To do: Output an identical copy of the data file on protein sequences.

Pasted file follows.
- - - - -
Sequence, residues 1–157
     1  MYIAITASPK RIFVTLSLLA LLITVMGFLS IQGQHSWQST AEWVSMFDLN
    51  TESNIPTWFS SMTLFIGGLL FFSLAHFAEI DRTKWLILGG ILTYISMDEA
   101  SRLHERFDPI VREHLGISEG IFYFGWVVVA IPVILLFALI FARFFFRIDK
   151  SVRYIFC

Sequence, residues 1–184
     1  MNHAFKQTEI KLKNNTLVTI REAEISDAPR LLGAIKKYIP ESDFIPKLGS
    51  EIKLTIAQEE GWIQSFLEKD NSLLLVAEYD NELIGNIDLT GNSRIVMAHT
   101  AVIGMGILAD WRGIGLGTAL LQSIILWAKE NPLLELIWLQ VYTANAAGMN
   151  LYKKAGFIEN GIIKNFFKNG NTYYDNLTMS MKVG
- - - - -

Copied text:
Sequence, residues 1–157
     1  MYIAITASPK RIFVTLSLLA LLITVMGFLS IQGQHSWQST AEWVSMFDLN
    51  TESNIPTWFS SMTLFIGGLL FFSLAHFAEI DRTKWLILGG ILTYISMDEA
   101  SRLHERFDPI VREHLGISEG IFYFGWVVVA IPVILLFALI FARFFFRIDK
   151  SVRYIFC

Sequence, residues 1–184
     1  MNHAFKQTEI KLKNNTLVTI REAEISDAPR LLGAIKKYIP ESDFIPKLGS
    51  EIKLTIAQEE GWIQSFLEKD NSLLLVAEYD NELIGNIDLT GNSRIVMAHT
   101  AVIGMGILAD WRGIGLGTAL LQSIILWAKE NPLLELIWLQ VYTANAAGMN
   151  LYKKAGFIEN GIIKNFFKNG NTYYDNLTMS MKVG